Is it just me or are these folks a bit giddy?
From Real Time Economics:
Economists React: Is It Hot in Here or Is It Just the Job Market?
Economists and others weigh in on the increase in jobs and the flat unemployment rate.
–Another great report. Private payrolls up 233,000, and three-month average is now 251,000, just 10,000 short of the pace reached in the three months to Apr 11. This time, though, we think it is sustainable, not least because temp hiring — a leading indicator of permanent hiring — has soared, up 45,000 in Feb, best since Nov 09. Most of the job growth — 209,000 — is in private services, with decent gains in most sectors except retail –Ian Shepherdson, High Frequency Economics
– There is no real cloud in the silver lining of this morning’s jobs report – there was even a sharp slowdown in the pace of public sector layoffs. True, the economy still has a long way to go to hire everyone back – especially those sidelined by industries whose recovery is likely to remain subpar, namely home construction and related financial services. This recovery is, however, about production in the real goods sector and that is the core strength of the February report. Not only was there a 31,000 increase in manufacturing payrolls but I have to believe that the growth in production activity is also responsible for the 10,600 increase in transportation and warehousing jobs plus the 8,400 increase in wholesale trade employment. –Steven Blitz, ITG Investment Research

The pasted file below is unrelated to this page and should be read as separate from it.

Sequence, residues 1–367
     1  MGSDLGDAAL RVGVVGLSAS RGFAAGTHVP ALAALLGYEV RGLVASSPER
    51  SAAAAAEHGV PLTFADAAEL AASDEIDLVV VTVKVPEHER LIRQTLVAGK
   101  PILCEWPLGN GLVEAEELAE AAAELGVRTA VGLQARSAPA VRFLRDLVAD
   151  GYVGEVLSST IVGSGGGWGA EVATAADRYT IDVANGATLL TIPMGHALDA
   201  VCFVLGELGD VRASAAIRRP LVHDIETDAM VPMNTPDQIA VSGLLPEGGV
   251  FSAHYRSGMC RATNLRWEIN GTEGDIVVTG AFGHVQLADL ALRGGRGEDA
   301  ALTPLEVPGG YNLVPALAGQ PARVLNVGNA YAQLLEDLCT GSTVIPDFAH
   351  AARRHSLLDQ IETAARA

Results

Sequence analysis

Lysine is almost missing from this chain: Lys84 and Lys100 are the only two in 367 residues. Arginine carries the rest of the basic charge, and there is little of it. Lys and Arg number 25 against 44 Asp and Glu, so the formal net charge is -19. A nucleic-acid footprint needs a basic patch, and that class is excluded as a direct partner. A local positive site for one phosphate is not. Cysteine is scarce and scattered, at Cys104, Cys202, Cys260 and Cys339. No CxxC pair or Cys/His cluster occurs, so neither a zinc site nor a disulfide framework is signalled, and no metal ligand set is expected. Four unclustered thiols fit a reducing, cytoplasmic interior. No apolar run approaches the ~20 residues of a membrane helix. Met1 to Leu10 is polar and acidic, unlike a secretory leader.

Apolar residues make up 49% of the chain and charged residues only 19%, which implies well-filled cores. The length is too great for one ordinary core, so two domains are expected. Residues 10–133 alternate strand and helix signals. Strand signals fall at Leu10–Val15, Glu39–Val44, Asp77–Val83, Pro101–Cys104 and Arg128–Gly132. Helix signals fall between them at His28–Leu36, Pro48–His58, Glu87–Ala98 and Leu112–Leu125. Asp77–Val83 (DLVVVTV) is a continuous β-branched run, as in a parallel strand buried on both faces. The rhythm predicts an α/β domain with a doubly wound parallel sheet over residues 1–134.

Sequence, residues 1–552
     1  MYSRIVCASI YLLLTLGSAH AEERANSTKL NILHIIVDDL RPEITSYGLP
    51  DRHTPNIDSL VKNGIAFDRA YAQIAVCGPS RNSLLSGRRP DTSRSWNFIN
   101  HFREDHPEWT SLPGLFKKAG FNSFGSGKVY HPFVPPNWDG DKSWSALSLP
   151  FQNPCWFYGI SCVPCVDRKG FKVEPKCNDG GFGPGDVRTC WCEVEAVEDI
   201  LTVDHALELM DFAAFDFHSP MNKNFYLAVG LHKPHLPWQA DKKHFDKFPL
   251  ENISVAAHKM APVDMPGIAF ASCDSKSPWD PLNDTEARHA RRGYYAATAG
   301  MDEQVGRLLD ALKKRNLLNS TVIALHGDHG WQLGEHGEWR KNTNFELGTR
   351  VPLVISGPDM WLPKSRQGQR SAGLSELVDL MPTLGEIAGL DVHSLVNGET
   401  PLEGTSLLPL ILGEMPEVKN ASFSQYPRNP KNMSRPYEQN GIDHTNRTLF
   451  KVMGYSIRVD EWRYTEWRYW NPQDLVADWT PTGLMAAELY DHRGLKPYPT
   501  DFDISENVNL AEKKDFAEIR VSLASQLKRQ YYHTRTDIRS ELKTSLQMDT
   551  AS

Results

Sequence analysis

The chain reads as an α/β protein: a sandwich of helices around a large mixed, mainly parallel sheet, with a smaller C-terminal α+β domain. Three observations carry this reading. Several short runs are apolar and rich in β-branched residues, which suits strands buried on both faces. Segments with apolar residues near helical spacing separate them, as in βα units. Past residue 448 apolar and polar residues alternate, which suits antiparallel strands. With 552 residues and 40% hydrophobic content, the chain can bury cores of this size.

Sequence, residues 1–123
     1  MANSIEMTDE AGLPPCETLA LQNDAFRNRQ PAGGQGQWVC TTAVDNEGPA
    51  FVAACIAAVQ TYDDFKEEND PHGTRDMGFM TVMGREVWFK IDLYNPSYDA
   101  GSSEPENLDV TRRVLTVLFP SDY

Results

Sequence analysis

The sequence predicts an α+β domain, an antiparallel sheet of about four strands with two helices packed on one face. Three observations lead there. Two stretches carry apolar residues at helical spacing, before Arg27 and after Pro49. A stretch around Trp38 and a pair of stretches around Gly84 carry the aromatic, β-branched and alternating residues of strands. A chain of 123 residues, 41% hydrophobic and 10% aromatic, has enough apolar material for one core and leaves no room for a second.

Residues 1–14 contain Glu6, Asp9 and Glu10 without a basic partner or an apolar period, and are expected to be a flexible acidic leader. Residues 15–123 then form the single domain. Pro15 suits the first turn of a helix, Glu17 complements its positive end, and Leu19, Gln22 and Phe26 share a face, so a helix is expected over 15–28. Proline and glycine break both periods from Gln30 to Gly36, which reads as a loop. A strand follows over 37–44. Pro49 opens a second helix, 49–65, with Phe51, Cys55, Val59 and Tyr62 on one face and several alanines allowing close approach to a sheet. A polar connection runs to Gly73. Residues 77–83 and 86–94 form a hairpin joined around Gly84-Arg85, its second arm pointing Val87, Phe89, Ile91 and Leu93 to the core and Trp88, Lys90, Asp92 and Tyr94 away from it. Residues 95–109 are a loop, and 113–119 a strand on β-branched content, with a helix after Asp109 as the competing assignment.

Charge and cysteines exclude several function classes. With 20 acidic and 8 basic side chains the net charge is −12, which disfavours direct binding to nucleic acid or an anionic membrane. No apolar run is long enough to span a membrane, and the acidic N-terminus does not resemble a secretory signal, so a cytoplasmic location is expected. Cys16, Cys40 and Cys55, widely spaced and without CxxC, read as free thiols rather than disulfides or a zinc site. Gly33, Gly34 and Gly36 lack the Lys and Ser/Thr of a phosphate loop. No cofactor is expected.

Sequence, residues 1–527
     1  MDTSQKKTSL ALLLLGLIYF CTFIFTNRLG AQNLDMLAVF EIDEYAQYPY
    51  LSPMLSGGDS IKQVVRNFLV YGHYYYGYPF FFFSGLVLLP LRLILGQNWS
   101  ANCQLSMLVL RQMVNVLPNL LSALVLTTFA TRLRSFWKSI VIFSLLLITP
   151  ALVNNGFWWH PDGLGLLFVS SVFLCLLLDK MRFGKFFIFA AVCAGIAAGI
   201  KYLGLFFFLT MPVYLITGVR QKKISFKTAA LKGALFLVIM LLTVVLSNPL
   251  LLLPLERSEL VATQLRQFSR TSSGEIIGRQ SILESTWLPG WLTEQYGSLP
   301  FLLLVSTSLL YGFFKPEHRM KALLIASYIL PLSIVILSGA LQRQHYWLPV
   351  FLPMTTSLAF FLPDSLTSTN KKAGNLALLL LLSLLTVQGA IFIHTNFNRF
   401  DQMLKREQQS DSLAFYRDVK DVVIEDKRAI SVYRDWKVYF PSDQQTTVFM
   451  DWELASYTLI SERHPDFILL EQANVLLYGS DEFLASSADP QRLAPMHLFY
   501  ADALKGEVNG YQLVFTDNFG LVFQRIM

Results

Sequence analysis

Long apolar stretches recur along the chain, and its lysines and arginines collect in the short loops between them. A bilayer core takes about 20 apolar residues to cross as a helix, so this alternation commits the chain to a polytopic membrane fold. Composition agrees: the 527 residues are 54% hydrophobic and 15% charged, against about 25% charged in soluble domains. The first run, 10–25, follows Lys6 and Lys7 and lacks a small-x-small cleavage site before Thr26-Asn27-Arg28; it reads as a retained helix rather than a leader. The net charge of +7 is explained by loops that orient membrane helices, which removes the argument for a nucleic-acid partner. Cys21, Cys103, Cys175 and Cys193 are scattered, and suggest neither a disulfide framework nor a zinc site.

–Is it hot in here or is it just the labor markets? For a third consecutive month, payroll growth came in right above the 200,000 mark, indicating a certain stability in employment expansion. The problem, from our perspective, is that those three months coincide with an unusually warm winter that may–and we emphasize may–have pulled forward seasonal hiring which typically beings in April. That possibility makes the recent pickup in payrolls growth somewhat suspect, and only data from the spring season will complete the tale. –Guy LeBas, Janney Montgomery Scott